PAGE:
The theme of this year's conference is "Archives: Bridging the Gap", which is further divided into four categories: "Bridging the Digital Gap", "Bridging the Cultural Gap", "Bridging the Democracy Gap" and "Bridging the Distance". Ní Charra's submission falls under the second category and background information to accompany her onsite poster presentation follows below.
The Conradh na Gaeilge archive at University of Galway, Ireland
Who are Conradh na Gaeilge?
Conradh na Gaeilge [The Gaelic League] is an organisation which was founded in 1893 to promote the Irish language in Ireland and abroad. Material gives a unique insight into the last 130 years or more of the history of the island of Ireland. Staff were actively involved in promoting and observing the use of Irish across all aspects of everyday activities. A significant portion of material covers several language rights campaigns. Also included are documents relating to prisoners' rights and civil rights in Northern Ireland.
Conradh were instrumental in community campaigns which led to the
- creation of Irish language radio and television stations [1972, 1996]
- the enactment of the Official Languages Act [14 July 2003] in Ireland
- making Irish an official language of the European Union [1 January 2007]
- Remit of the university - a unique aspect of the University of Galway's remit as a university is its strategic commitment to the provision of university education through the medium of Irish, its aim to serve the Gaeltacht [Irish language speaking regions] and the Irish language community, and to create an exemplary bilingual campus.
- Location - the university is situated on the West coast of Ireland on the edge of the Connemara Gaeltacht, one of several Irish-speaking regions in Ireland. Furthermore, its links with the region are strengthened by its Irish language education and cultural centres in towns in both the Connemara and Donegal Gaeltachts.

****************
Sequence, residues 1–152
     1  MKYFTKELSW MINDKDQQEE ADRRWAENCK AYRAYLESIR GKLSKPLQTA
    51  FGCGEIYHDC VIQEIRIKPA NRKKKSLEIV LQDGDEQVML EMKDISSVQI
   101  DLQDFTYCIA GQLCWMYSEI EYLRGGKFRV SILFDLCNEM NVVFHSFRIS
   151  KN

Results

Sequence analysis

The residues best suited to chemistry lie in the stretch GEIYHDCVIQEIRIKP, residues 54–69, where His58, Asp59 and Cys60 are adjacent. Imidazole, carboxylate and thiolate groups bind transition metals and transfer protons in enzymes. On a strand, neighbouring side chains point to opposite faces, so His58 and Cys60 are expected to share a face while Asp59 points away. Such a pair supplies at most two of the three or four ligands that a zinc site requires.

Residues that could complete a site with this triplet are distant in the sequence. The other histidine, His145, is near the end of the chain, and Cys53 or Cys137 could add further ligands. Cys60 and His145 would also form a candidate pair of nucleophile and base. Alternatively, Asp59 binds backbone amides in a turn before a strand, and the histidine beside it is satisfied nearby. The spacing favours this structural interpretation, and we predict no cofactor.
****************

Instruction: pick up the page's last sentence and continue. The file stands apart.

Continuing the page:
- Other Irish language archives - this iconic collection joins many more Irish language archives at the university, many of which have links to it.
- Respect - in choosing the University of Galway, Conradh na Gaeilge ensured a unique partnership where respect for the language and for the material was central to the task at hand.
- Consistency - having this new terminology available encourages consistency in Irish language listing to archival standards.
- Inclusivity - it enables Irish language archives to be listed in Irish making them inclusive and ensuring those for whom the archives relate the most, have access.
- Respect and recognition - making such a significant archive available and doing so through Irish, using official terms in that language, is an important recognition of both the indigenous language itself, and the community who speak it as their first language.
- Creates awareness - collections in minoritized languages are often overlooked by researchers, despite being very rich in material. The stories in these archives are therefore often missing from the overall narrative.
- Adoption - having the terminology should hopefully encourage Axiell and others to adopt it and make their products available in Irish.
- Positive knock-on effect - this case study and new terminology should encourage more institutions to have more Irish language archives catalogued.